We are entering the final phase of Netflix’s plan for (comedy) world domination. Tuesday marks the release of not just one, but two new hours from Dave Chappelle, the reclusive master who hasn’t released a new recording in more than a decade. The specials join an already formidable archive of both originals and classics that Netflix has been building for years. It’s part of a tried-and-true strategy for a platform trying to establish itself as a prestige brand: start with cheap and easy-to-produce films by entertainers who write their own material, then expand into making your own.
As we bide our time between new Chappelle and the next slew of trump cards in Netflix’s deck, including specials from Chris Rock and Louis C.K., here’s a curated list of the very best stand-up available for your streaming pleasure. All the laughs of live comedy with none of the two-drink minimums, starting with:
Ali Wong, ‘Baby Cobra’ (2016)
No comedian has benefited more than Wong from the visibility boost Netflix provides. The hourlong Cobra was the 34-year-old’s first special, with no shorter, less-high-profile gigs like a Comedy Central half hour to gradually ramp up her national exposure. Factor in a magnetic hook (Wong recorded Cobra while seven and a half months pregnant), a perfect release date (right before Mother’s Day), and a masterfully filthy sermon on the virtues of “trapping” a man, and you have a recipe for a seemingly overnight breakout, complete with New Yorker profile. Cobra is a contradiction in terms — a working woman achieving her greatest success by joking about not wanting to work — and the sly, surface-level hypocrisy is part of Wong’s genius, building to one of the most skillful closers in recent memory. Wong is a veteran with more than a decade of stand-up experience and TV writing credits like Fresh Off the Boat under her belt, but the (richly deserved) magnifying effect of Baby Cobra on her career is undeniable.
Richard Pryor, ‘Live in Concert’ (1979)
Netflix’s library of classics isn’t as impressive as its catalog of originals, but Live in Concert is the most significant exception. Live is the only Richard Pryor work available to stream on the service, which is a shame — though if you’re going to watch only one Pryor special for the rest of your life, it’s a solid candidate. Clocking in at an hour and 18 minutes, Live was the first stand-up act to be theatrically released as a major-hit feature-length film. The supersize portion matches up with Pryor’s prodigious gifts: He fills the time with the racial commentary he’s known for (“White people do X, black people do Y” sounds stale from anyone but him), disarmingly personal jokes about a marital dispute ending in his arrest or about his grandmother walking in on him snorting coke, and an astonishing facility with impressions (I challenge anyone to hear Pryor slip into his patented White Guy Voice and not lose it). Comedy dates itself faster than virtually anything else in pop culture, but Pryor’s obvious influence is such that his staying power endures.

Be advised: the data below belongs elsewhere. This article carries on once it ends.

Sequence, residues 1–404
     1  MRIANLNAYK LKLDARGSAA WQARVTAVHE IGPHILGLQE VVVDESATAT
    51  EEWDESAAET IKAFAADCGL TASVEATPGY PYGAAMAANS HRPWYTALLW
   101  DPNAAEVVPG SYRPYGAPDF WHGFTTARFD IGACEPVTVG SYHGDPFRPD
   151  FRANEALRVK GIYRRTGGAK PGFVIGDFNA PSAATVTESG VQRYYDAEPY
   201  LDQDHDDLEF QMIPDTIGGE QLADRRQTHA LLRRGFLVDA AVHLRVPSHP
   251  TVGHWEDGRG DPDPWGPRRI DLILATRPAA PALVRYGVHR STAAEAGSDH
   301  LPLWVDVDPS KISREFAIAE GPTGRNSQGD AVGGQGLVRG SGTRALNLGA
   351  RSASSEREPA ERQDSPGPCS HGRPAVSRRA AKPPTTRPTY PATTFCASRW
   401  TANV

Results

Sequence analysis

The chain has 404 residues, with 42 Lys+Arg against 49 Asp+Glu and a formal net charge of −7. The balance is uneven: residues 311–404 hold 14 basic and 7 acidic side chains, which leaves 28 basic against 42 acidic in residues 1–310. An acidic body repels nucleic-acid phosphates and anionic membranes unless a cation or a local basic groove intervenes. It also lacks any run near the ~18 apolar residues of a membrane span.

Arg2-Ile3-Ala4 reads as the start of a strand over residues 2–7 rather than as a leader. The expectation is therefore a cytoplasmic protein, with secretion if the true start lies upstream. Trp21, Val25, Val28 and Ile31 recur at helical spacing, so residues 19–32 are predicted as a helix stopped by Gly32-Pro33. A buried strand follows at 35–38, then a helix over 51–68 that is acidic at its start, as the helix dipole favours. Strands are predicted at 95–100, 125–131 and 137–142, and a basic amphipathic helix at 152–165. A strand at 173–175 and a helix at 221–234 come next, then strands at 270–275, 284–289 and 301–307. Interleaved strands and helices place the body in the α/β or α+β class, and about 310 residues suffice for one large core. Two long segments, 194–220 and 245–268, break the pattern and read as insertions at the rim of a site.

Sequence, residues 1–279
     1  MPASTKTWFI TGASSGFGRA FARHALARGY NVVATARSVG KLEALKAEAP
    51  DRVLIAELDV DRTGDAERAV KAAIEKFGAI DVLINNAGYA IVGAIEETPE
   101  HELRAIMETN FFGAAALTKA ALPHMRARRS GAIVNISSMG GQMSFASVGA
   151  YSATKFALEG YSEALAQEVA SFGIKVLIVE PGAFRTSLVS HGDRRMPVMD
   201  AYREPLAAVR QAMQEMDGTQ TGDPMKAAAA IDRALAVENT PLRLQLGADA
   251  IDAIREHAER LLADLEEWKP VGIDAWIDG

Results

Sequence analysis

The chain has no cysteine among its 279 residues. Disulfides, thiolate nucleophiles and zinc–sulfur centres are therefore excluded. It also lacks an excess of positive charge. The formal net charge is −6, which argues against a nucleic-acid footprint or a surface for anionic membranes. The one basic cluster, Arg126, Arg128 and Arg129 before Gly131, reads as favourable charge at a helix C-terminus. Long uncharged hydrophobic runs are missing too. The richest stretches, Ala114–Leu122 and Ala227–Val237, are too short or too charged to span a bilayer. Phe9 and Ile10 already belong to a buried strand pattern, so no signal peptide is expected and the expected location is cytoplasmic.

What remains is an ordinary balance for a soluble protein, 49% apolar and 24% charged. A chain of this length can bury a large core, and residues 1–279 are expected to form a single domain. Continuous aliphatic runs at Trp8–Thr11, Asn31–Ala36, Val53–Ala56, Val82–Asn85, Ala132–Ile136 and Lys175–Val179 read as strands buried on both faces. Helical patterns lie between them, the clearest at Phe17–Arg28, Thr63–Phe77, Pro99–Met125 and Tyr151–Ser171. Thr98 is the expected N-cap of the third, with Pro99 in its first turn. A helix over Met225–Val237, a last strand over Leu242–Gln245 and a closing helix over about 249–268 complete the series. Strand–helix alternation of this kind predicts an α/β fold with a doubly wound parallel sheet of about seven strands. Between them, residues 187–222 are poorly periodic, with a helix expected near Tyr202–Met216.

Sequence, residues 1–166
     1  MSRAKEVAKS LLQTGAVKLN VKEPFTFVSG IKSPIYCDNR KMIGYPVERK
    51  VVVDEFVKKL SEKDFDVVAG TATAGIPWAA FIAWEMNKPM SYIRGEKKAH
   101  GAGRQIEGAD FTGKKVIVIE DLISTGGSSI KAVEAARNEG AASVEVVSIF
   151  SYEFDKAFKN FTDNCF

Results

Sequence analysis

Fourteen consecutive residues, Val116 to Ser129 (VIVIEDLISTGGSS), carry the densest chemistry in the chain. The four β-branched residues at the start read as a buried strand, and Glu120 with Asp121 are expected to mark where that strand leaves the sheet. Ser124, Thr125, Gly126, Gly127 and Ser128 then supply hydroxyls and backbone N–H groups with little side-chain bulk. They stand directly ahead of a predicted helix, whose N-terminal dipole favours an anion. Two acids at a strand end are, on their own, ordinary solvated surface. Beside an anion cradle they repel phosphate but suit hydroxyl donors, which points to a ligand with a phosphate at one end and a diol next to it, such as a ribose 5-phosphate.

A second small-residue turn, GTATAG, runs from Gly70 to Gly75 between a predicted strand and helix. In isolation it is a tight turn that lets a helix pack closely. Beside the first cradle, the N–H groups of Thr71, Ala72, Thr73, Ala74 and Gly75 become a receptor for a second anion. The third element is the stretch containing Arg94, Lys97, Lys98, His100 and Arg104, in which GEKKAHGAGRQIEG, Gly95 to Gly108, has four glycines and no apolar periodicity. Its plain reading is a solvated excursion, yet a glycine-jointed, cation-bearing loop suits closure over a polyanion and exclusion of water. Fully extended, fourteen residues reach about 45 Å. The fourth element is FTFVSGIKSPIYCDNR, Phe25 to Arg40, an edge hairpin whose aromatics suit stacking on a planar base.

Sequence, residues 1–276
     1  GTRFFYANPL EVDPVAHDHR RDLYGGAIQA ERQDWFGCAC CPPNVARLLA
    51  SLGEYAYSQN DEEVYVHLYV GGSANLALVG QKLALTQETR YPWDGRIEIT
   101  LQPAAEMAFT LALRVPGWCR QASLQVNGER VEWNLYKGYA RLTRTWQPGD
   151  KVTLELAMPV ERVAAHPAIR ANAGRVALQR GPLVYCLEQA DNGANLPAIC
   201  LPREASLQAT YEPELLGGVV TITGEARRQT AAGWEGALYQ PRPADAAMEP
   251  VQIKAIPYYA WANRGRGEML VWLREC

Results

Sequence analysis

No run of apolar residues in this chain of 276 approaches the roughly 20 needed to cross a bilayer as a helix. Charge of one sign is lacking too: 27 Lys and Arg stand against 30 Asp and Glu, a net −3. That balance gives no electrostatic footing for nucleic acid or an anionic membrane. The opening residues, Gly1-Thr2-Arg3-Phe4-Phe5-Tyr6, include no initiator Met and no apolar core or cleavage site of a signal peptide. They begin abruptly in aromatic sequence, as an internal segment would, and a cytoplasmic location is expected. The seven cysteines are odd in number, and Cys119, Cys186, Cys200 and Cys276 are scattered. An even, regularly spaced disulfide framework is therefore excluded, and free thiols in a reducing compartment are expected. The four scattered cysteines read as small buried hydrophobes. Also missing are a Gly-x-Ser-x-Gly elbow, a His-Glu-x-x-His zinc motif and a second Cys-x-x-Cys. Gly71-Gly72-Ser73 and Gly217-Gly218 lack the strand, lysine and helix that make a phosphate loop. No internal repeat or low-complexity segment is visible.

John Mulaney, ‘The Comeback Kid’ (2015)
Released in 2015, The Comeback Kid was widely interpreted at the time through the lens of Mulaney’s unsuccessful foray into the world of multicam sitcoms. (Never mind that the title actually refers to a bit about Bill Clinton.) A year and a half later, though, Mulaney’s career has been well fortified by a successful run on Broadway and a charming gig cohosting the Independent Spirit Awards, leaving us free to appreciate Comeback on its own merits rather than as a referendum on What This Promising Comedian Will Do Next. Here, Mulaney embraces his destiny as a clean-cut, old-school showman, sporting a sleek blue suit and delivering impeccably crafted lines with a practiced smoothness. The jokes themselves touch on marriage and mortgages, milestones that mark a clear evolution from the more hapless persona of his previous effort, the also-excellent (and also on Netflix) New in Town. Watch for the laughs, but also the pleasure of watching a masterful entertainer grow into his talents.
Zach Galifianakis, ‘Live at the Purple Onion’ (2006)